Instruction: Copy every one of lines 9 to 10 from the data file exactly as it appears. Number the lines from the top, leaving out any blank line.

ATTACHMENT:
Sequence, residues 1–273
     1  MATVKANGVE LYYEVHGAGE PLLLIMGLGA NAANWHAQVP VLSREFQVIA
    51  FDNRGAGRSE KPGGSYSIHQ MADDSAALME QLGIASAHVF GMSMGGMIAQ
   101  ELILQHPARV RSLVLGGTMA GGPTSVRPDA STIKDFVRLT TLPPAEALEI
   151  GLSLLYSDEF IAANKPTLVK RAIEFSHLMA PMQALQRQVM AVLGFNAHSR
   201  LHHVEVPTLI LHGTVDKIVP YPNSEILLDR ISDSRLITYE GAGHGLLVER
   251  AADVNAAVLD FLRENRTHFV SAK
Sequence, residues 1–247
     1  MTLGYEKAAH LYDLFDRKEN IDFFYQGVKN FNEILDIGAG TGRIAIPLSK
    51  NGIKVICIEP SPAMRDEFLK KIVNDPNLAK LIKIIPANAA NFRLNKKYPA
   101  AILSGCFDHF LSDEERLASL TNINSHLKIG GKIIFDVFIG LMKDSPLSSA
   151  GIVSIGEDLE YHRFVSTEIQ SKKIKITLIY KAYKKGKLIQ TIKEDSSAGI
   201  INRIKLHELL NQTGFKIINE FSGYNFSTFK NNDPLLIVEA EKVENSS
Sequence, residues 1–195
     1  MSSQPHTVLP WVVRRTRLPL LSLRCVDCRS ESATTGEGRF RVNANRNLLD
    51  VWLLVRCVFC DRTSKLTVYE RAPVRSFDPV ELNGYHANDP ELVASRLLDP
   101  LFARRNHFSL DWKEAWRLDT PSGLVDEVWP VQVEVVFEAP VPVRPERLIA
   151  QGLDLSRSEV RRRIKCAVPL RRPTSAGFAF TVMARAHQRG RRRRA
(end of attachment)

     1  MTLGYEKAAH LYDLFDRKEN IDFFYQGVKN FNEILDIGAG TGRIAIPLSK
    51  NGIKVICIEP SPAMRDEFLK KIVNDPNLAK LIKIIPANAA NFRLNKKYPA